Svenskt kvinnobiografiskt lexikon

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Anna Sofia Nilsdotter


Textile artist, fine seamstress

Anna Sofia Nilsdotter was a famous fine seamstress during the second half of the 1800s and the early 1900s.

Anna Sofia Nilsdotter was born on 1 December 1848 in Blackstad parish in Kalmar county, southern Sweden. She was the daughter of Nils Peter Nilsson, a crofter, and his wife Stina Carlsdotter. According to the house catechism records, Anna Sofia Nilsdotter was born “without arms and missing several toes on her feet.” In that poor home, there were six children altogether from their father’s two marriages. Their father died in 1851, after which Anna Sofia Nilsdotter moved with her mother to the poorhouse in the parish. In 1860, mother and child were documented in the house catechism records of Blackstad parish under the heading “defenceless”. Anna Sofia Nilsdotter was confirmed in Söderköping in 1864 with a good testimonial.

According to information in the daily newspaper Norrköpings Tidningar in 1864, Anna Sofia Nilsdotter’s skills were described as follows: “During the past year, the girl has acquired a not insignificant skillfulness in using her right foot to make tapestry products such as slippers, garters, cushions etc., by holding the needle between both her toes. At mealtimes, in exactly the same way, she uses in turn a knife, fork and spoon and when writing, the steel shaft of the pen is placed between the stump of her right arm and her right cheekbone.”

Anna Sofia Nilsdotter is said to have been taught these skills by the Blackstad curate’s daughter, Jenny Dahlström. Even as a 14-year-old, Anna Sofia Nilsdotter was rewarded by the Kalmar County northern housekeeping association and at the age of 18 she received an honorary diploma from the General Industrial Exposition of Stockholm in 1866.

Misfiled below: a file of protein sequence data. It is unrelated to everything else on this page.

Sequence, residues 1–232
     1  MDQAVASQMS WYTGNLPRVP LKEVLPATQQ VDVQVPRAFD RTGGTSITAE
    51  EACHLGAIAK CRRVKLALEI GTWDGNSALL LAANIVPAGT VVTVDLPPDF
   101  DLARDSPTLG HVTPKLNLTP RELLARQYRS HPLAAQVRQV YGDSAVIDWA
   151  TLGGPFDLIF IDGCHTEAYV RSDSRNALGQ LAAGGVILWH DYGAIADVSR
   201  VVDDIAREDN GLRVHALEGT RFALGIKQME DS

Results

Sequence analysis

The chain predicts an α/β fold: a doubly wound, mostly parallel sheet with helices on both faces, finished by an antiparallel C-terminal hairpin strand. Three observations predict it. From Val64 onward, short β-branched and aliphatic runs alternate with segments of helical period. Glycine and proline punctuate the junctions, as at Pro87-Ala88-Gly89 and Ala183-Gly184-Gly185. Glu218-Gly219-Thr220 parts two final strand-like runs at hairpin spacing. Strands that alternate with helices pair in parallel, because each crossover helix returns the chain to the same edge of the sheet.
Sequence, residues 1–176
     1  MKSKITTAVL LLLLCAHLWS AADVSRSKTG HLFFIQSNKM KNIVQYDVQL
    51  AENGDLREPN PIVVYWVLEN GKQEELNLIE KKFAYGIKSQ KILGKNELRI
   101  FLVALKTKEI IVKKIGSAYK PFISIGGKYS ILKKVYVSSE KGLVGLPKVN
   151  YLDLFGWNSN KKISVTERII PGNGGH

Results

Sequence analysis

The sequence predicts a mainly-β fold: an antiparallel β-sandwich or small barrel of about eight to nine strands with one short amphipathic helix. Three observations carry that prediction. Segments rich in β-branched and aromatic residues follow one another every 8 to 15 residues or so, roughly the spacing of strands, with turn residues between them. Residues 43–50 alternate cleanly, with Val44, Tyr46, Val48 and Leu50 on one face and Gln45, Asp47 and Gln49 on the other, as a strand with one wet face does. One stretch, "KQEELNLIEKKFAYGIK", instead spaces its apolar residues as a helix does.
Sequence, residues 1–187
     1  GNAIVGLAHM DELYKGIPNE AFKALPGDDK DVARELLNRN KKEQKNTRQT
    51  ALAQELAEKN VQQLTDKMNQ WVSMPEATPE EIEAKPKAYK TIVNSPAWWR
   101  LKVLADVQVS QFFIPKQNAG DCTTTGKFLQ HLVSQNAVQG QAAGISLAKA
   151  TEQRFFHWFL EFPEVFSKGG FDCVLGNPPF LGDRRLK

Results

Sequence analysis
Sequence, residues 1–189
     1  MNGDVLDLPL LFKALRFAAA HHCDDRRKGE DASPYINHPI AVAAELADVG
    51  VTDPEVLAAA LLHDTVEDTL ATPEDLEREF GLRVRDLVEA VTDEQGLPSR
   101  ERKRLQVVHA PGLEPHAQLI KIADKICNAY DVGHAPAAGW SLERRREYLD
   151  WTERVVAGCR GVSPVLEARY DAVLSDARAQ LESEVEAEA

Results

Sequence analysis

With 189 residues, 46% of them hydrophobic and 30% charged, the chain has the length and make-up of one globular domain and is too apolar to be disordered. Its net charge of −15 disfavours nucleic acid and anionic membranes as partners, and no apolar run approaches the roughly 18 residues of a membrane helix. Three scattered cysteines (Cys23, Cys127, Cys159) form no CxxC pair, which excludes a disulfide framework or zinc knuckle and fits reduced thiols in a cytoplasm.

In 1868, Anna Sofia Nilsdotter moved with her mother to Västervik, where she was able to buy a house in Siversgatan as early as in 1871. Her embroideries were widely spoken of and gave her a good income. She travelled a certain amount too, among other destinations, to the USA.

Anna Sofia Nilsdotter was religious and was gripped by the Methodist revival movement. Along with her mother, she reported her conversion to Methodism to the State Church and she and her mother were both driving forces behind the advent of the Methodist Church in Västervik in 1879. Anna Sofia Nilsdotter donated money and part of her grounds to the church. The church now owns a service book the cover of which is embroidered with 36,000 beads, made by Anna Sofia Nilsdotter. Her mother died in 1884 and Anna Sofia Nilsdotter moved to Linneryd, a rural parish in Kronoberg County in southern Sweden in 1897. There she settled down at Skogsryd Backegård and later Sofiehem belonging to Linneryd Östergård. In 1909 she moved to a flat in Villa Sofia belonging to Åkerby Mellangård in the rural parish of Ljuder. In Ljuder in 1914 she reported once again to the State Church that she had converted to Methodism.

Anna Sofia Nilsdotter died on 23 August 1922 of a kidney disease.

Louise Lönnroth
(Translated by Margaret Myers)

Published 2020-03-02

You are welcome to cite this article but always provide the author’s name as follows:

Anna Sofia Nilsdotter,, Svenskt kvinnobiografiskt lexikon (article by Louise Lönnroth), retrieved 2024-06-19.

Other Names

    Alternate name: Nilsson

Family Relationships

Civil Status: Unmarried
  • Mother: Stina Lisa Nilsson, född Carlsdotter
  • Father: Nils Peter Nilsson
  • Sister: Christina Lovisa Nilsdotter
more ...


  • Privatundervisning i hemmet, Blackstad: Hemundervisning av komministerdottern i församlingen


  • Profession: Konstsömmerska, t o m 1868 Blackstad, 1868–1897 Västervik, 1897–1909 Linneryd, 1909–1922 Ljuder


  • Mentor: Jenny Dahlström


  • Metodistkyrkan i Sverige


  • Birthplace: Blackstad
  • Blackstad
  • Västervik
more ...



  • Berg, P. G. & Stålberg, Wilhelmina (red.) Anteckningar om svenska qvinnor, Stockholm: P. G. Berg, 1864-1866

  • Åkerman, Petter (red.), Sällsamheter i Småland D. 2 Nordöstra delen, Rabén & Sjögren, Stockholm, 1988

Further References